Project Hush!

Greetings everyone! This is a project that was originally started back in 2009. It was got to a functional working state, with PC components installed, but then life got in the way before completing it... I was moving around the country at least annually for work, and the case got put in storage. Over the last year I have been finishing it...

A big thank you to Alphacool (and to Christopher at Alphacool) for kindly offering to sponsor the project!

Well, here's the build logs so far, starting from the beginning.. This might take a while! I will post the progress so far, adding more posts of the build over the coming days, so please do come back to read more!

July 2009:

Hello all. I've started making a large passive radiator/case. I've been working on it for a while, but since the design is quite complicated I thought I'd wait until it got to a recognisable, likely to work(!) stage before starting the build log.

I have had an innovatek Konvekt-o-matik before selling it on members' market, but from what I've heard you really need a shedload of them to handle high heatloads. Plus, they're expensive (~£80/6tubes), bulky and the design is flawed in my opinion - aluminium, made for 8mm ID tubing, and by their design the more of them you add the larger the pressure loss - 8mm inlet splits to 8mm tubes running in parallel.

So I figured I'd make my own;

designed for 7/16" or 1/2" tubing,
minimise pressure loss by matching resistance of the tubes to 1/2" tubing,
massive amount of surface area (since it's the equivalent of an Aga it needs to have headway for extra heatload),
wide fin spacing and compact enough to be self-contained within a case.

The case is going to be approximately 45cm wide x 40cm deep x 46cm tall + height of castors. So it's slightly smaller than a mountain mods UFO (45x45x45)

The top, far side of the case (the non-window side panel on a normal case) and the bottom will be made up of a large finned copper radiator, hopefully with enough surface area and passive airflow to run completely passive, with air rising up through the case.
I wish I was competent enough with google sketchup to draw a detailed plan, but it just seems a nightmare because of the design, so I'm afraid I've largely stuck to hand-drawn sketches. Here's a very rough idea of what the passive radiator element of the case will look like.

d5c1101c by Tom ., on Flickr

Initially I was going to use 30 metres of standard 15mm outer diameter half-hard pipe used in home plumbing and flatten it as in normal watercooling radiators, but after buying a small sample (a gentle elbow bend) and trying to flatten it I realised it's very tricky to get an even inner channel, and it would take forever to flatten 30m of the half-hard stuff...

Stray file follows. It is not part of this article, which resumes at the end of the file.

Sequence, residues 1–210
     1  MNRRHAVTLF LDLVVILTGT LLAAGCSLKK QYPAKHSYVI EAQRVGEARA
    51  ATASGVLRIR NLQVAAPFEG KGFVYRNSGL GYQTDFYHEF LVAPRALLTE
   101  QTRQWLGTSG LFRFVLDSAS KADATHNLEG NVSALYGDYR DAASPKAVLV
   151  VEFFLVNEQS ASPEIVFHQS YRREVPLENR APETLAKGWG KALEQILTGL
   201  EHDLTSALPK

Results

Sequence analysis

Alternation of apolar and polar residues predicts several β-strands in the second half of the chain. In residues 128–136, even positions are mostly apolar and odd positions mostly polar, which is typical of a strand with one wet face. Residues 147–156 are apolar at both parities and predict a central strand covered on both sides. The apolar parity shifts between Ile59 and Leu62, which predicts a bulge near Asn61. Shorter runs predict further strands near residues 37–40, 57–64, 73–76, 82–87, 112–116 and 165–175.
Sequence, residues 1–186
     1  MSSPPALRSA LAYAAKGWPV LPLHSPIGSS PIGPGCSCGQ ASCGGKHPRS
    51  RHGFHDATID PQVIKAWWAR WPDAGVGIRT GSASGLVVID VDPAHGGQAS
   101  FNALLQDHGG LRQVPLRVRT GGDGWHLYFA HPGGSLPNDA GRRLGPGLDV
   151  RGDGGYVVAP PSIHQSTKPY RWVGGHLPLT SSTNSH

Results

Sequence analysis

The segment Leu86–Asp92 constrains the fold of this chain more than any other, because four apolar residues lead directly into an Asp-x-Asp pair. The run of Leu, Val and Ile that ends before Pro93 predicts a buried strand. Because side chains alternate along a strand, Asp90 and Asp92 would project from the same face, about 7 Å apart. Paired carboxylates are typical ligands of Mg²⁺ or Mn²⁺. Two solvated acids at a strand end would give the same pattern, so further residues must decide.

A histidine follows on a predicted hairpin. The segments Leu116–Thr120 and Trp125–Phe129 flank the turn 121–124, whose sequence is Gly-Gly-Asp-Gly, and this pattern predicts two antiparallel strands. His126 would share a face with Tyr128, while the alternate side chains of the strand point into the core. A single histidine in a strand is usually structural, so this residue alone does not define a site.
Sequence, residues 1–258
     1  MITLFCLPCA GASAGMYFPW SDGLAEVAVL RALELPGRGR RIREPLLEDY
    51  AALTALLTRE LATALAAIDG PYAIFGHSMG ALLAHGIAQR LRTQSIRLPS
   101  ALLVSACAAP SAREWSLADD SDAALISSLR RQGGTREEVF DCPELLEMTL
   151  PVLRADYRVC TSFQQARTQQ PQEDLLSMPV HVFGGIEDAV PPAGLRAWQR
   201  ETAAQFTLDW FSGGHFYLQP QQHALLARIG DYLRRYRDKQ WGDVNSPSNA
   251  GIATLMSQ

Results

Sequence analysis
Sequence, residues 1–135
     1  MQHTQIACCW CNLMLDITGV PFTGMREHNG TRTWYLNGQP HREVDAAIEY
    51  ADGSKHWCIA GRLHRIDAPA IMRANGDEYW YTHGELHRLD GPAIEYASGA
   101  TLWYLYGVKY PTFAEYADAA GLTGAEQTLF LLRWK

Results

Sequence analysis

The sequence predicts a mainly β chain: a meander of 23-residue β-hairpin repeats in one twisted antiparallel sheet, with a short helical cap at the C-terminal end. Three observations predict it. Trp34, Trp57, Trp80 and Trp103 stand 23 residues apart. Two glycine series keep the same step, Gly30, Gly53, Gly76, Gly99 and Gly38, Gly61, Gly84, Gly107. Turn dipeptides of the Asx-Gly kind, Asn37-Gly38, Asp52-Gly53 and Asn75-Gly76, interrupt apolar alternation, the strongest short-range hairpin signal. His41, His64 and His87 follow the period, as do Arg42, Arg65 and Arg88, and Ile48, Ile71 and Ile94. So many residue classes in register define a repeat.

7f68d996 by Tom ., on Flickr

87d66dc2 by Tom ., on Flickr

After scouring around to find a cheap source of soft copper pipe I found on ebay what was listed as 9m of soft 15mm outer diameter, 0.4mm-thick-walled copper pipe used as gas lines in boats and motorhomes, and being the only bidder got it dirt cheap.
. I picked up an adjustable pipe cutter (3-22mm) for a few quid and measured and cut 130cm lengths. Turns out I was sold around 14m, so had 10 x 130cm, and an offcut.

Unfortunately, though slightly easier than the the half-hard copper, the walls of the stuff I got was 1.5mm so it was still a nightmare, and still came out uneven in cross-section and took ages to flatten. I also found it's expensive stuff to get any more - about £80 for 25m. I'll find a good use for it later on though.

22168a7d by Tom ., on Flickr

So, time for plan B. I managed to find a site selling 10m x 6mm outer diameter, 4.8mm inner diameter soft microbore copper tubing, so I picked up 6 rolls for ~£42 inc p&p

538124f2 by Tom ., on Flickr

cd85c9a3 by Tom ., on Flickr

I then unrolled them, measured and cut into 48 lengths - 16 x 120cm, 16 x 125cm and 16 x 130cm - the difference is because the 48 tubes will be arranged as so, so the outer tubes need to be a bit longer:

1255a9c7 by Tom ., on Flickr

a330a423 by Tom ., on Flickr

3333fbf0 by Tom ., on Flickr

The microbore copper is so soft it's very easy to bend and straighten, though it's tricky to get 130cm lengths completely straight. It work-hardens and quickly becomes difficult to bend, though it can be annealed again by sticking it over a gas hob.

Anyhow, I had originally planned to use some of the 15mm pipe I had for the end pipes distributing the water to the 6mm copper tubes. It has a 12mm inner diameter so is a pretty good match for either 7/16" or 1/2" tubing.. After straightening one of the 130cm lengths I bent it to a hook shape over a rolling pin, which was quite tricky. I then cut it to a rough length and measured out the 48 x 6mm holes for the microbore pipe to connect to.

The pipes will have to do a bit of bending at the ends, but hopefully with the small bore pipebender I got this won't be too much trouble, though in reality it'll probably be very very frustrating, since the pipe needs to be bent after the copper fins have been pushed into place.

After lots and lots of drilling here are the radiator end pieces. This would have been so much easier if I had a bench drill and a vice, but as I didn't at this stage I had to improvise:

41c5ba2f by Tom ., on Flickr

b918967b by Tom ., on Flickr

a7cae1ed by Tom ., on Flickr

Plan for pipes joining distributor end tube - side view

03be0139 by Tom ., on Flickr